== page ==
Discussing UK law. Links: swarb.co.uk | law-index | Acts | Members Image galleries

No Orgreave Inquiry

Judicial review, activities of government, local and national etc.

Re: No Orgreave Inquiry

Postby Millbrook2 » Thu Nov 03, 2016 9:48 am

I recall a friend who was bussed in as part of the police presence saying they were told the drumming on shields had to stop and any other behaviour which contributed to the feeling of 2 sides going into battle. Even if that was what it was some tried to keep the integrity of the police intact.
Millbrook2
 
Posts: 731
Joined: Tue Nov 27, 2012 9:05 am

Re: No Orgreave Inquiry

Postby shootist » Thu Nov 03, 2016 10:34 am

dls wrote:Shootist,

I hope that what came across is that I do not accept the implied theory that 'truth and justice' will not involve severe criticism of the miners. The groups calling for such, unfortunately, give a clear impression that only criticism of the police will do.

Scargill led the miners into violent conflicts. They were prepared to be violent toward 'scabs', and police action was necessary and proper to protect the scabs from miners and to preserve the peace.
At the same time, there is every appearance that there came down from the highest authority in the land instructions that police were to feel free as it were to go over the top. I have over the years spoken to several officers involved in policing the strikes. Privately they do not defend their own behaviour and the behaviour of other officers bussed in from a distance. More than a few welcomed the chance to have a bit of fun and pay off their mortgages at the same time.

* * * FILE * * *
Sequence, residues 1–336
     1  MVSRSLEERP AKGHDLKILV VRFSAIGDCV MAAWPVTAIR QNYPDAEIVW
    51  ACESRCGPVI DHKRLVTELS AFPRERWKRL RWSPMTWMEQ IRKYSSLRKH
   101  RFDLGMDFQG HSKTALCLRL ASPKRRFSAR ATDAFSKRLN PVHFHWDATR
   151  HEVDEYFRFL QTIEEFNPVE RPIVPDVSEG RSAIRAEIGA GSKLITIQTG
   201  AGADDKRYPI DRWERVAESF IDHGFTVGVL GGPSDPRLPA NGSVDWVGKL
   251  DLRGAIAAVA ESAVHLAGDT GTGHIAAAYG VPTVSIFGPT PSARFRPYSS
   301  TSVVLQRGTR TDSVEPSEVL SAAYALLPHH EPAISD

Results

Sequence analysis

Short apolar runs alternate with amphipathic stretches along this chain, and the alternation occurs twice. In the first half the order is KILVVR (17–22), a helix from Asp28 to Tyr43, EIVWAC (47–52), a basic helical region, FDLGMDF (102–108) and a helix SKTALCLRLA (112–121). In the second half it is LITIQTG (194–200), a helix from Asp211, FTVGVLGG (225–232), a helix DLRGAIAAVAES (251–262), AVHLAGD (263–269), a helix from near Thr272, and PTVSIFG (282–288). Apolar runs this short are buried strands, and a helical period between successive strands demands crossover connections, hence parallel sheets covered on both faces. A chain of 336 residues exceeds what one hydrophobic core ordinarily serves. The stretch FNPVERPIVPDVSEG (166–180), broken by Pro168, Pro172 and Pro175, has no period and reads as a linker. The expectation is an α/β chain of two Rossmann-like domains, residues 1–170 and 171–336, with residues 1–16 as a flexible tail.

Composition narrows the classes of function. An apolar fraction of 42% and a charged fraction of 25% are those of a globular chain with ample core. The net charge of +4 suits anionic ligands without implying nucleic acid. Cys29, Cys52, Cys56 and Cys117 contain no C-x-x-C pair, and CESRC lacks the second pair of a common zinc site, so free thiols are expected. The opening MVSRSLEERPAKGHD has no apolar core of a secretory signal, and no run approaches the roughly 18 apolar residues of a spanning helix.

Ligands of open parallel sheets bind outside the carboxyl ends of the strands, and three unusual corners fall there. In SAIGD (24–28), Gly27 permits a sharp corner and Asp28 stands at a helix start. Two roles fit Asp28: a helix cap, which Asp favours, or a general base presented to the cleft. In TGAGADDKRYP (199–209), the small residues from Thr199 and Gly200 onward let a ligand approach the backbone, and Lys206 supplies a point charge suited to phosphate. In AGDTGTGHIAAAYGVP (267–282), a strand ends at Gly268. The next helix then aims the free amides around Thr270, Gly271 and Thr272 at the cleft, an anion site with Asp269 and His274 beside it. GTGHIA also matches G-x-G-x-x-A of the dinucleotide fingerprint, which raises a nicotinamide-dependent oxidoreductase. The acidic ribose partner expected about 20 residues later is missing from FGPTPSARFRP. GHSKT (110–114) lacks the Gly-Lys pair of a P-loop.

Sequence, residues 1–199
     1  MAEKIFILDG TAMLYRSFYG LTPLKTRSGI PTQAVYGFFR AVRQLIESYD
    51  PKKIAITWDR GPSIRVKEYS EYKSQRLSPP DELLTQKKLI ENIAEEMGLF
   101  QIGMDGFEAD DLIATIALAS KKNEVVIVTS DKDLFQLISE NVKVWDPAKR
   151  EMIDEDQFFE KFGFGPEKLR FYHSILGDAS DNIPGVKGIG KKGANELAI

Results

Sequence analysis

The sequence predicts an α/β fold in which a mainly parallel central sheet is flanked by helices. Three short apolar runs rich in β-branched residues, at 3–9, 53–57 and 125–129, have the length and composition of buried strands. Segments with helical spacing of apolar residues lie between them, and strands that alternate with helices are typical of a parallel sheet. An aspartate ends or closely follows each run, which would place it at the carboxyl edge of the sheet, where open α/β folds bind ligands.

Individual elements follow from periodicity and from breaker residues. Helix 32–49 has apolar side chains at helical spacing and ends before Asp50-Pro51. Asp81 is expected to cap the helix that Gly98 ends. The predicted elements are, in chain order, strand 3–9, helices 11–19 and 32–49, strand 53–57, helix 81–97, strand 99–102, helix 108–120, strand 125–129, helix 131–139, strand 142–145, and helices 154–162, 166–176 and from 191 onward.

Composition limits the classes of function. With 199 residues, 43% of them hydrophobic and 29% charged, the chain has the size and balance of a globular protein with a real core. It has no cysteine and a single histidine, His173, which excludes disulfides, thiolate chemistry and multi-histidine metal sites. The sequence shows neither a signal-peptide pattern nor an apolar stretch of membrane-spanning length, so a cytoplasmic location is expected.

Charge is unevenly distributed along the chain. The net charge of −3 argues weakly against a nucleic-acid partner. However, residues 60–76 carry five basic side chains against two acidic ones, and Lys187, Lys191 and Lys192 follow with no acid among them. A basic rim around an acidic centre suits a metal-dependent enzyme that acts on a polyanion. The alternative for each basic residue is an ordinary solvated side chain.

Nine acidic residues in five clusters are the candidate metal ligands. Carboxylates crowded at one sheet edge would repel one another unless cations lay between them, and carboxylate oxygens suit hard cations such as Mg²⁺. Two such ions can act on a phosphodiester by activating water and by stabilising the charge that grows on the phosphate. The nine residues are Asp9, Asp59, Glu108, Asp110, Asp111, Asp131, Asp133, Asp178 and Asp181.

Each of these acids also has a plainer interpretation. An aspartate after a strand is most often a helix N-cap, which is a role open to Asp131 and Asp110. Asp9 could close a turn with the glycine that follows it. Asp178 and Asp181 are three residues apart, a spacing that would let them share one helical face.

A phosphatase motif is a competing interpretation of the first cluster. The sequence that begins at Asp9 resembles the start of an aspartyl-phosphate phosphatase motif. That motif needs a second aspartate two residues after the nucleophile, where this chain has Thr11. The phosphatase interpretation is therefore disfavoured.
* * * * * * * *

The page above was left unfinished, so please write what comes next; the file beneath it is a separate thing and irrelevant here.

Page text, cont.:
Both sides saw it as a chance for a bust up.

My point is that this is not an occasion for a public enquiry. I do not believe that it would have been right to continue to support many of the mines, and without them the communities around them were damned. Somebody had to 'pull the plug' and Thatcher had the courage to do it, and Scargill gave her the perfect opportunity. He made it necessary for Thatcher to do what she did. His was in effect an unannounced attempt to start a revolution.

It should have been done much better. I think that Heseltine later learned his lesson, and did much to help Liverpool to regenerate. I do not think that those around him ever learned teh appropriate lessons.


I could not disagree with a single word you have written above. In fact, I think you are far too sensible and rational to be posting on any forum. You are clearly trying to give internet forums a good name.

Apropos Scargill, I do believe that with a little more effort he would have got all the miners out on strike and there would have been little or no trouble, which is precisely why he didn't want everybody out (IMO). I heard a very good program many years ago now that proposed the idea that Scargill actually saw the miners strike as an opportunity to start a full blown British revolution to bring about some sort if 'ist' state (Communist, Marxist, Scargillist, who knows) with him, naturally, at the helm.

Edit for afterthought.

With regards to police that were bussed in, the Met contingents were absolute pigs of the first water. Corrupt as hell, having bribed supervisors to get on the Units, bully boy thugs, and anything that wasn't nailed down was theirs.
"I do not agree with what you say, but I'll defend to the death my right to be offended by it."
User avatar
shootist
 
Posts: 3171
Joined: Sat Aug 10, 2013 9:40 pm

Previous

Return to Administrative Law

Who is online

Users browsing this forum: No registered users and 1 guest